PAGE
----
Age-adjusted mortality rates in women are slightly lower than in men and do not show a parallel trend. During the study period, overall age-adjusted rates decreased an annual −4.6% (95% CI, −4.7% to −4.5%), from 121/100000 people in 1980 to 27/100000 people in 2011. The joinpoint regression analysis identified 3 periods in which rates decreased at a faster rate (1980-1984, APC: −3.2%; 1984-2005, APC: −4.5%; and 2005-2011, ACP: −6.3%). After a period of marked decrease (1980-1992, APC: −6.2%; P<.05), truncated age-standardised rates continued to decrease though at a lower speed (1992-2011, APC: −3.7%; P<.05).

Sex-specific mortality rates in men younger than 24 show a parallel trend to that of women of the same age, with an APC of −7.9% (95% CI, −8.6% to −7.2%) in the group younger than 15 years, and −5.7% (95% CI, −6.4% to −5.1%) in the 15-24 year group. The joinpoint analysis identified 3 periods; the second of which (1998-1994/1997) shows a markedly pronounced decrease: APC −15.6% (<15 years) and APC −10.6% (15-24 years).

Sex-specific rates in men older than 85 also show a parallel trend to those in women in the same age group, with an APC of −3.5% (95% CI, −3.7% to −3.4%). Again, the joinpoint analysis identified 3 periods: a first period (1980-1985) where rates remain stable, followed by 2 periods of significant decline (1985-2003, APC −3.2%, and 2003-2011, APC −5.8%).

Age-specific rates in 25-84 age groups distributed by sex did not follow a parallel trend pattern.

Discussion

Although the CVD mortality rate (age-standardised per 100000 people) has decreased worldwide over the last 20 years, the actual number of deaths related to this disease has increased by 26%.2

In 1980, CVD was the main leading cause of death in Spain (age-adjusted rate of 172 per 100000 people), and a frequent cause of death in developed countries.15 Despite the decrease observed in both sexes across all age groups, CVD is still an important cause of death, constituting the third leading cause after heart disease and lung cancer. This decline in mortality rates is accompanied by a reduction in the overall number of deaths (38% in women and 40% in men). It is important to understand the reasons for these decreases in order to better evaluate our achievements and focus our efforts on new challenges.

This decrease in stroke mortality has also been observed in other settings; in fact, stroke has now moved from the third to the fourth leading cause of death in the USA and this has been associated with a number of therapeutic interventions in a recent comprehensive study.16

In general terms, this decline in CVD mortality may be due to a decrease in incidence rates, increased survival of stroke patients, or a combination of both factors.

Incidence rates of CVD show marked spatial and temporal variations worldwide.17,18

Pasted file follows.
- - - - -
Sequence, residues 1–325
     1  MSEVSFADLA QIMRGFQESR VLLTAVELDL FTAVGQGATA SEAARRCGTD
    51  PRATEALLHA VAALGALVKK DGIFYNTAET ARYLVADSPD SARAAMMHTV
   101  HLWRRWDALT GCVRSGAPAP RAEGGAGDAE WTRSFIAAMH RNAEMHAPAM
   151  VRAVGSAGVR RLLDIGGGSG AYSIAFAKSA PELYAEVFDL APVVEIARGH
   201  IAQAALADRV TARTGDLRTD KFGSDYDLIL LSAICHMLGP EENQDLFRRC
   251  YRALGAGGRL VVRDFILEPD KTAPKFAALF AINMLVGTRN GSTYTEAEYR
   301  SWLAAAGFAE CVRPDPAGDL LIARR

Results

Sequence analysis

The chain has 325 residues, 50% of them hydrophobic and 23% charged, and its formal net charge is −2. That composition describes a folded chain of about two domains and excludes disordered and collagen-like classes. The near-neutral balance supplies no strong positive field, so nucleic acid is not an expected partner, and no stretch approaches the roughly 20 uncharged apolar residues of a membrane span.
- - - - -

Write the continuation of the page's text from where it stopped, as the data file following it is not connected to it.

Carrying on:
The WHO predicts a 27% increase in stroke incidence rates between the years 2000 and 2025, taking into account population ageing. This, together with the decreases in stroke mortality rates, represents a significant socioeconomic challenge for the future, since prevalence and stroke-related disability will also increase.

Although CVD is an important public health problem, few incidence studies have been conducted in Spain and most of them analysed hospitalised patients. Population data is limited and very restricted geographically19; estimated incidence rates range between 132 and 202 cases per 100000 people per year for all ages.20–24

The NEDICES study shows a CVD prevalence adjusted to the standard European population of 4.9% in the elderly population (65 years or older) of central Spain.25

Discharge rates of stroke hospitalisations may be used, though with caution, as an estimation of incidence. Over the last 15 years, the number of CVD patients treated in Spanish National Health System hospitals has increased by 41.2% during the period 1997-2011 (2.6% per year). When considering reference populations (rates per 100000 people), this increase was somewhat more than half (21.3%) due to population growth. Hospital visits due to CVD have increased throughout the study period, with a mean annual increase of 1.4% until reaching 219 hospital discharges per 100000 people in 2010.26 This increase in hospital discharges does not necessarily represent an increase in incidence; rather, it may reflect better access to healthcare services, improved survival rates, or changes in healthcare patterns. In fact, one of the factors that coincides with the pronounced decrease in mortality registered from 2005 onwards is the implementation of numerous stroke units in different Spanish cities. The lower mortality rates and better functional outcomes observed in stroke units in comparison with conventional units reflects better adherence of stroke units to healthcare protocols.27 In addition, patients admitted to stroke units whose physiological parameters are continuously monitored present lower mortality rates28 and 2.5-times the likelihood of positive outcomes at discharge, as a result of early detection of complications and rapid therapeutic intervention before complications become symptomatic.